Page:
We have all heard it, “You need accountability” or “Let’s get you an accountability partner for that.” As common as these Christian comments are, they are incomplete.
Let’s first understand something about accountability. I believe every Christian should have accountability in multiple areas of life. We are often the worst at seeing the worst in ourselves. Accountability helps us press into the areas we do not want to press into. It helps us confront and combat sin.
However, while accountability is great and accountability is needed, it won’t work if there is not vulnerability as well.
Vulnerability & Accountability
What do I mean by vulnerability? I mean being open and honest about all areas of your life with someone or a few people.
Does it seem overwhelming to think about sharing all areas of your life with someone? If it does, that means you have a healthy understanding that vulnerability is not to be taken lightly. I believe healthy vulnerability requires two important things: trust and time.
I think that on the surface, we know that trust and time are important, but do we give them a shot? Let’s look at the role that trust and time play in developing healthy accountability relationships.
Trust: The First Necessity for Vulnerability
Trust. We have heard it said that trust “is earned.” And that makes sense, since trust must be in place in order for someone to be vulnerable enough to share what it is they need accountability for.
Yet, there are many barriers to trust. Firstly, we live in a society in which trust is often broken. Therefore, our fear factor is elevated. We are worried that others will break our trust, which in turn means less vulnerability and less accountability. Secondly, I believe Christians are also scared to be vulnerable because we are scared of what others will think of us. We are fearful of the judgment that comes when we are vulnerable. We wonder how other Christians could be gracious and merciful—forgetting the grace and mercy of Christ that each one of us is called to model.
Should we not, as Christians lead the way in grace and mercy? Should we not lead the way in accountability and vulnerability?
As Christians, we need to press into the discomfort of these fears, share when it’s not easy, and trust others to have mercy and love us through the mess—even as we do the same for them. Trust is the glue that makes accountability work. It is what makes vulnerability ok. Yes, sharing with others is hard, and yes people are messy—things do indeed happen that break trust. Yet, I believe that more often than not, we err on the side of distrust when we should be trusting other Christians in our lives.
As a Pastor in Student Ministries, I push for our ministry to be a ministry of mercy. I want Student Ministries to be a place in which students from all walks of life can enter in and be on an equal playing field. I want these students to know that we are all broken. We’re all at the foot of the cross in need of Jesus. And since we all stand there together in unity, we should help each other in community. That means trusting one another. As we often say: “what happens in that Small Group room (or circle) stays in that Small Group circle.” Within the context of godly accountability, the establishment of trust is important.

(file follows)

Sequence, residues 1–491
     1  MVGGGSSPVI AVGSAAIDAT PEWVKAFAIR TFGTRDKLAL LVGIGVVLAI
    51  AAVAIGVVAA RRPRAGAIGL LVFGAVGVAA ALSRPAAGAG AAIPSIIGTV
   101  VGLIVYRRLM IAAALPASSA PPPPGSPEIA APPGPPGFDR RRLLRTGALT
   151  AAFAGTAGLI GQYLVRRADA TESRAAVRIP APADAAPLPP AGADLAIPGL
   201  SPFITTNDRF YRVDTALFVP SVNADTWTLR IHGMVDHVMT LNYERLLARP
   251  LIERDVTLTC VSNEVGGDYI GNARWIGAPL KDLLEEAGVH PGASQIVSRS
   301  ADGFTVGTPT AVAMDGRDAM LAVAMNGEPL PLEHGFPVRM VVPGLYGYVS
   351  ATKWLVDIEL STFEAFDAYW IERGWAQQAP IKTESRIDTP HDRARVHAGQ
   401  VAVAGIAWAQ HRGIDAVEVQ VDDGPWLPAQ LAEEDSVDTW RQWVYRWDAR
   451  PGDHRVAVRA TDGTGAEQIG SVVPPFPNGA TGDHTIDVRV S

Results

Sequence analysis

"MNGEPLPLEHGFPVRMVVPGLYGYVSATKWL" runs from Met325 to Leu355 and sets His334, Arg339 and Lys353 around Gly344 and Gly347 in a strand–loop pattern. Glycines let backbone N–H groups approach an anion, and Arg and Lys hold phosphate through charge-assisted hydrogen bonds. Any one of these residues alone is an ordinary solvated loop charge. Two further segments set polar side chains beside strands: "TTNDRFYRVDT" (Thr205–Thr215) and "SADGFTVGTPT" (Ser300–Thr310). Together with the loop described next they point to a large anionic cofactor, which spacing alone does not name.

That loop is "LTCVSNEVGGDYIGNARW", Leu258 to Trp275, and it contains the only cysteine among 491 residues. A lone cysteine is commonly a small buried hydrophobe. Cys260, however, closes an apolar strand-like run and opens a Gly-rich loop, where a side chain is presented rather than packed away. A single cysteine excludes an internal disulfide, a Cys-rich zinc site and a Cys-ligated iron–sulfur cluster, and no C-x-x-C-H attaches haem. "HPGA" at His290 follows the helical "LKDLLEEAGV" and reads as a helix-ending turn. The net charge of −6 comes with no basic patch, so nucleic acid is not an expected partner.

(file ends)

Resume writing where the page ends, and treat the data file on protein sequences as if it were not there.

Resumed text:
Time: The Second Necessity for Vulnerability
Here’s one thing I don’t do when I walk into a Small Group: start off by sharing my deepest darkest struggles. Nope. That’s definitely not the first thing I do. The second thing I don’t do is share my deepest darkest struggles. The third thing I don’t do is share my deepest darkest struggles.
Get the point? Vulnerability takes time. This is the reality. It takes time to trust; it takes time to be vulnerable, additionally, it takes consistency with both time and trust for vulnerability to happen.
I have often told our Student Ministries Small Group leaders that consistency is the key to developing relationships with and between the students in the Small Group. The same goes for accountability. Consistently meeting, talking, praying, listening, and helping will help individuals feel safe to be vulnerable and, in turn, hold each other accountable. It is not necessary to have the most creative questions, the greatest coffee shop to meet at, or the greatest stories to share. What’s necessary is that you are both there and you are both asking each other hard questions about life, sin, and soul.
Who in Your Life Holds You Accountable?
So, I ask you: who is someone in your life who knows some hard things? Who is someone in your life who knows your rhythms and who can tell when things are not right? Is there someone in your life who knows when you need a phone call or a text message? Someone who is willing to call you out on something you should not have done or said?
The Christian life is not meant to be lived out alone. We need others to point us toward the cross to daily follow Jesus. That’s the goal. The goal is that through your vulnerability in accountability, you would look more like Jesus and be made more into the image of Christ—and that you would help others toward that end as well.